She used her keycard on door after door on the first floor, and she found much to her surprise and alarm that although she could get into each room easily enough that all of the rooms were exactly like hers, without any way to get out from the inside.  Each of these rooms was a perfect trap, she thought, and yet they were empty and showed no sign that anything had ever inhabited them.  There were no live plants in them, no insects, and no evidence that any people had ever slept on the beds.  It was the most mysterious thing she thought she had ever seen.  She didn’t even think that there were any bedbugs here.  This hotel should have been a wreck and a heap, with only one person aside from themselves inside it to take care of it, and yet these rooms were fresh and clean and had a welcoming feel to them aside from the fact that there was only one way in and out of the rooms and nothing to see aside from bare walls, very meager furnishings, and the same sort of television that was in her room.  This hotel had a strange feeling to her, what someone more intellectual than she was would consider uncanny, like the feeling of watching A.I., where that creepy robot kid wanted to be loved by his family only to find himself abandoned until in one of the worst epilogues of all time he was rescued by some blue aliens who gave him his greatest wish in some kind of dream sequence.  She had not remembered the movie or she would have shuddered at the thought and understood exactly what was meant.  The hotel was uncanny, something that was close to a normal hotel but just off enough to cause her to feel uneasy and uncomfortable about it.  The general workings of it were alright, but the details kept on tripping her up, like the absence of pens to go along with the paper that had bothered her so much the previous day.  All of this added up to make her feel deeply uncomfortable.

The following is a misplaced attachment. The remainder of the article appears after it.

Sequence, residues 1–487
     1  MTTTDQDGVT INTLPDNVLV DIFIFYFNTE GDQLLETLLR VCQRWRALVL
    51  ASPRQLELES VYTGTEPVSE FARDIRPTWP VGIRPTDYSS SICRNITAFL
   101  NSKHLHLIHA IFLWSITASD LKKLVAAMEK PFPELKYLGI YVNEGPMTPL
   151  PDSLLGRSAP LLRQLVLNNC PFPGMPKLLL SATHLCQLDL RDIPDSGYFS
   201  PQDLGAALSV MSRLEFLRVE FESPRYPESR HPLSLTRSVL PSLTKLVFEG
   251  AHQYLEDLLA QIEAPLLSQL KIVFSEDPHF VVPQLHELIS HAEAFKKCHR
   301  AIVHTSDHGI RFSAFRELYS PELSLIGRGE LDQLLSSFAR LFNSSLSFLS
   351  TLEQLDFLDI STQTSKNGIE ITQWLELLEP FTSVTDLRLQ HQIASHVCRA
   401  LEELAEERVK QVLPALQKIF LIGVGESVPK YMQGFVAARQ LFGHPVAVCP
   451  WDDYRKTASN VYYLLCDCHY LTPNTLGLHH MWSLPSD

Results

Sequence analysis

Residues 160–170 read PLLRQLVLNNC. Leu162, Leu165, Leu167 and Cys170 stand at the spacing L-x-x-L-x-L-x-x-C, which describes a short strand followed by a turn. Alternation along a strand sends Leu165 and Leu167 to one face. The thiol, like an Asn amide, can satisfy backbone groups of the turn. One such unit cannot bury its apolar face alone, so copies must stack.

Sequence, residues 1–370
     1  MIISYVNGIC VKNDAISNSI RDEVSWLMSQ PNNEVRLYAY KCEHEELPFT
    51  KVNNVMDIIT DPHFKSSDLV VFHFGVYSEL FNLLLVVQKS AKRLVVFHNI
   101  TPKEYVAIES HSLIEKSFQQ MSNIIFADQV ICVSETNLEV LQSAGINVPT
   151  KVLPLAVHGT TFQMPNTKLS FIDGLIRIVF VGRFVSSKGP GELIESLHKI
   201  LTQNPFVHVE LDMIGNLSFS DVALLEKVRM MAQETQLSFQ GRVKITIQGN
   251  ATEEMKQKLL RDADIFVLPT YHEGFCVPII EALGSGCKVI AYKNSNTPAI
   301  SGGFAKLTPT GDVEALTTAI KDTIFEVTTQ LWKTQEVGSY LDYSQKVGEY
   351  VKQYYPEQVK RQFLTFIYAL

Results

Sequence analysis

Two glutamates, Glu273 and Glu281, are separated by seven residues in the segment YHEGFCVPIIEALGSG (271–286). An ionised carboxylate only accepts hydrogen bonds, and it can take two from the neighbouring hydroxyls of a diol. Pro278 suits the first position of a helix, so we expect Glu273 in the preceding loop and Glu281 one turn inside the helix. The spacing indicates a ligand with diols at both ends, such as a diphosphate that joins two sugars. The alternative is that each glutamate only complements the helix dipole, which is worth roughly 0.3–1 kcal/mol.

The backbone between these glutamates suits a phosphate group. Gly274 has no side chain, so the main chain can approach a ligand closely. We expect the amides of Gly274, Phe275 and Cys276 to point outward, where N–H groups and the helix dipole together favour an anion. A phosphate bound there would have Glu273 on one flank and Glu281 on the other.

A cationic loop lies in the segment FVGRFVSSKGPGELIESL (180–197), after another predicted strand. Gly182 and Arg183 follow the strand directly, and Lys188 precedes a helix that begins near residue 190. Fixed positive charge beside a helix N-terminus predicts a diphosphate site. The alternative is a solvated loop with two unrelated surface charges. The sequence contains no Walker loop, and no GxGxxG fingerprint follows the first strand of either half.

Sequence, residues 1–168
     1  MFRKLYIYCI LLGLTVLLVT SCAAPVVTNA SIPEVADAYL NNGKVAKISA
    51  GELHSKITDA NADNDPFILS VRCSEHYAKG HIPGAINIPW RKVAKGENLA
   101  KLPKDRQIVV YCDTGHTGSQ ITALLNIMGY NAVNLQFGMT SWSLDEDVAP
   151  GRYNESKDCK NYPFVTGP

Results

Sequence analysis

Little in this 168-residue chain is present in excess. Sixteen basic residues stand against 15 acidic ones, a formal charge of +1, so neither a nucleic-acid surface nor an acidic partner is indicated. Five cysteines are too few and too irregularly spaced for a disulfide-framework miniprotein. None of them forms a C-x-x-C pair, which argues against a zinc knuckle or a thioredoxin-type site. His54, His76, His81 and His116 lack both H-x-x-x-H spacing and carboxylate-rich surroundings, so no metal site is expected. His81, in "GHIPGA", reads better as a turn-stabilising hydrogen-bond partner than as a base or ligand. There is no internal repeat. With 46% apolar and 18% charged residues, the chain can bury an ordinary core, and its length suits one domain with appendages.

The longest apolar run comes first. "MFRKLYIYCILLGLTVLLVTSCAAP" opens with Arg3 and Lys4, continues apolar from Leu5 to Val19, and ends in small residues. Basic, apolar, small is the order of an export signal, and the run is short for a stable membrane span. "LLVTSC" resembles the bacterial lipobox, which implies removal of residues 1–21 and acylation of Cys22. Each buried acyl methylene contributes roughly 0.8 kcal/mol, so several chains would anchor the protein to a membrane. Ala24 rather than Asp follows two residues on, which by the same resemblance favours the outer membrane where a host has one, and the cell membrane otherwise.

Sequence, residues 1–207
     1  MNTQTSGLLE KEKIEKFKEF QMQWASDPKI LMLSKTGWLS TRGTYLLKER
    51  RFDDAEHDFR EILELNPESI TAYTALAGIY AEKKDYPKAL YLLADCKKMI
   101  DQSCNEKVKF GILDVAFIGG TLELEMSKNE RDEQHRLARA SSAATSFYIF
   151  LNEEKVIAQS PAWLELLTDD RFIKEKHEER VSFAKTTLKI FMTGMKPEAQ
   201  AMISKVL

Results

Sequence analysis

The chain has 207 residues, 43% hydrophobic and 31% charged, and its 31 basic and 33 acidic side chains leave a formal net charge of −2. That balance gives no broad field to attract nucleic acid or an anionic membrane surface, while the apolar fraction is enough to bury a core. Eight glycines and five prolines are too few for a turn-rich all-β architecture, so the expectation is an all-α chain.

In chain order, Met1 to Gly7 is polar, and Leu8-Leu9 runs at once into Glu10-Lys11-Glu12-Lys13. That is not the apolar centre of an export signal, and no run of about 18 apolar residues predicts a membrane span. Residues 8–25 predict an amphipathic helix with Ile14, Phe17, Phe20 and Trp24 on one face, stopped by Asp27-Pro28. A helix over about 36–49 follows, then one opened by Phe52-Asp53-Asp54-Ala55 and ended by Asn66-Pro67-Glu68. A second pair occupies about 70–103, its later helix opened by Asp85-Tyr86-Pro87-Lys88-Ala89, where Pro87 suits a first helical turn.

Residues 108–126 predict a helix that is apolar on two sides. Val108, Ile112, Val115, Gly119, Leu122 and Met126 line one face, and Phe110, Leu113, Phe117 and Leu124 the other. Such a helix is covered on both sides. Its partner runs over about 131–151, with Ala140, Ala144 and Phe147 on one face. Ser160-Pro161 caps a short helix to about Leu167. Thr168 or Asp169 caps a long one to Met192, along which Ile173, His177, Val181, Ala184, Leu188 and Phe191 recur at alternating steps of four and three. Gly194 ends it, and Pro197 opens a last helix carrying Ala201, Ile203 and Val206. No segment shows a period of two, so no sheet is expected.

As she exited the last room she heard the noise of conversation and knew that she had to quickly return to her own room or her snooping would draw the attention of the observant but hitherto tolerant bellhop.  She did not want him being suspicious of her own efforts at escape that would lead him to be more vigilant about her.  She did not want him to think of her at all, but to be entirely distracted by Kate.  She smiled at herself, thinking how unusual this was for her.  Thus far in her life she had always wanted as much attention as possible from men, even men who were far less handsome than the plain but decent looking bellhop, but now she wanted the only male around to not think of her or look at her at all, and leave her entirely free to pursue her own private schemes.  She thought it was ironic, and though that word had a hackneyed feel to it, it certainly did apply in these circumstances to the case at hand, an occurrence that was singularly contrary to one’s expectations given a knowledge of her character and habits.  Never in her own life had her own interests led her to think of something other than captivating the attention of someone else and causing them to be distracted from their attention by her radiant beauty.  She was a bit at a loss of how to accomplish this, as she was not used to dressing in a frumpy way or deliberately making herself look more plain.  She had seen many movies where ugly ducklings turn out to be incredibly beautiful with minimal efforts at makeovers, but she did not have the sort of mind that followed the process backward to make herself look at best adorkable like Taylor Swift in the “You Belong To Me” music video or something like that.